"5. That the Party of the First Part will keep the improvements now existing or hereafter erected on the said premises insured as may be required from time to time by the Party of the Third Part against loss by fire and other hazards, casualties, and contingencies, in such amounts and for such periods as may be required by the Party of the Third Part, and will pay promptly when due any premiums on such insurance, provision for payment of which has not been made hereinbefore. All insurance shall be carried in companies approved by Party of the Third Part, and policies and renewals thereof shall be held by it and have attached thereto loss payable clauses in favor of and in form acceptable to the Party of the Third Part."

    In this deed of trust the "Party of the First Part" is Cleveland and the "Party of the Third Part" is Guardian. The paragraph just quoted is the 5th in a *Page 106 series of 10 covenants or agreements set out in the deed of trust which are immediately preceded by this declaration: "And the said party of the first part, in order more fully to protect the security of this Deed of Trust, does hereby covenant and agree as follows:". The express language of said paragraph 5 provides that Cleveland "will keep the improvements now existing or hereafter erected on said premises insured as may be required from time to time" by Guardian. It is Cleveland's duty, not Guardian's, to keep the improvements insured, but in such amounts and for such periods as may be required by Guardian. The provision that insurance shall be carried in companies approved by Guardian necessarily implies that Cleveland shall have the primary right to procure the insurance, as there would be no necessity of approval by Guardian if it had the primary right to procure the insurance and did procure it. As here used the word "approved" means ratified, confirmed, sanctioned, or acquiesced in.

    In Fire Association of Philadelphia v. Bonds,171 Ark. 1066, 287 S.W. 587, a similar situation existed. Bonds had mortgaged his property to a bank to secure a loan. The mortgage contained a clause requiring Bonds to keep the property insured in a sum sufficient to protect the bank, which he did, delivering the policy to the bank. Just before this policy expired the bank as agent for another company caused a renewal policy to be issued and sent to Bonds, who thereupon caused a policy on the same property to be issued by the agency that issued the former one. A fire occurred and the Fire Association refused to pay because of the outstanding policy in another company, and Bonds brought suit against it. Trial resulted in a judgment against it. In affirming the judgment, this court used this language:

    "It is true that the Bank had the right to protect its security. The mortgage required the mortgagor to insure the property, and this provision would have given the mortgagee the right to take out insurance to protect its security had this been necessary. But this was a secondary right. The primary duty to insure was upon the *Page 107 mortgagor. It was his duty to take out the insurance and pay the premium."

    The effect of the holding was that the policy issued by the bank was invalid, that company having been made a party by cross-complaint of the Fire Association, and the latter's policy valid.

    Appellants cite the case of Townsend v. First Fed. Sav. L. Ass'n, 153 Fla. 535, 15 So. 2d 199. We think this case is not in point because there the mortgagor took out insurance in a company that did not write the usual form of fire insurance, but a new and untried method, and it was held that the mortgagee's refusal to accept said policy was not arbitrary, but recognized the rule that such discretion in approving companies cannot be exercised "in an arbitrary, unreasonable, and capricious manner." We think this is in line with the holding in our own case above cited. See, also, Eberich v. Solomon,112 Conn. 498, 152 A. 823. We, therefore, hold that Cleveland had the right to cause renewal policies to be issued under section 5 of the deed of trust.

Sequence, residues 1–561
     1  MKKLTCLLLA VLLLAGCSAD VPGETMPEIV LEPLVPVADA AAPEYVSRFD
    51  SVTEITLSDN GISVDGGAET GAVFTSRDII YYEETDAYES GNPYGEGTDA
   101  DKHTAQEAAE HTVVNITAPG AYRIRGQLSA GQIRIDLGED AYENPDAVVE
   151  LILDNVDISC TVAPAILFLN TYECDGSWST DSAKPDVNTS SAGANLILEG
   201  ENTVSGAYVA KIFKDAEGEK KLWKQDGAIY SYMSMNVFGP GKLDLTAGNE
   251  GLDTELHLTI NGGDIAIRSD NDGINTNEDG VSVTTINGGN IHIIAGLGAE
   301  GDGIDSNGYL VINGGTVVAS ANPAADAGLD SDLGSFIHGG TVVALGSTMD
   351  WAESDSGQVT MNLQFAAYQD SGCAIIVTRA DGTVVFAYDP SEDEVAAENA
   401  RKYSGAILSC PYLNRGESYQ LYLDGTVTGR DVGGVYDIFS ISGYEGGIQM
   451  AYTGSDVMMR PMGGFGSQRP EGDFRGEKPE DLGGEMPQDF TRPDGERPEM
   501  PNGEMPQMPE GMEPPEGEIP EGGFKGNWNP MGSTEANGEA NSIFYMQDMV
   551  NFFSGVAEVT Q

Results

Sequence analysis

Two other contentions are made for a reversal by appellants: (1) That Cleveland made an "agreement designating Smith-Reid-East as the agency to write insurance and renewals during the life of the loans"; and (2) the "question of whether the fiduciary obligation of Jack C. East to those companies would foreclose his right to write insurance policies on the Cleveland property, and would entitle those companies to an injunction restraining him from interfering with their business." Both of these contentions are questions of fact. There were two objections raised to the evidence of Guardian that there was an oral agreement at the outset to the effect that all insurance and renewals over a period of either twenty or twenty-five years should be written by Smith-Reid-East. One was that all prior agreements were merged in the individual or separate deeds of trust, and the other was the statute of frauds, 6059 of Pope's Digest. We do not enter upon a discussion of these objections, even though they might be well taken, for the *Page 108 court found as a matter of fact Cleveland "did not make an oral agreement or contract or a written agreement or contract designating Smith-Reid-East Company as the agency through whom such insurance should be written . . ." The evidence thereon is in sharp dispute and we cannot say this finding is against the preponderance of the evidence. The same thing may be said as to the question raised in point 2 above, regarding "confidential information." The court found as a fact that neither Jack C. East nor Cleveland had taken any unfair advantage of or used any confidential or private information of appellants in connection with their own business, and we think the preponderance, if not the undisputed, evidence supports this finding.

    The decree is accordingly affirmed.

Document Info

DocketNumber: No. 4-7672

Citation Numbers: 209 Ark. 102, 189 S.W.2d 650

Judges: McHANEY, J.

Filed Date: 10/8/1945

Precedential Status: Precedential

Modified Date: 7/5/2016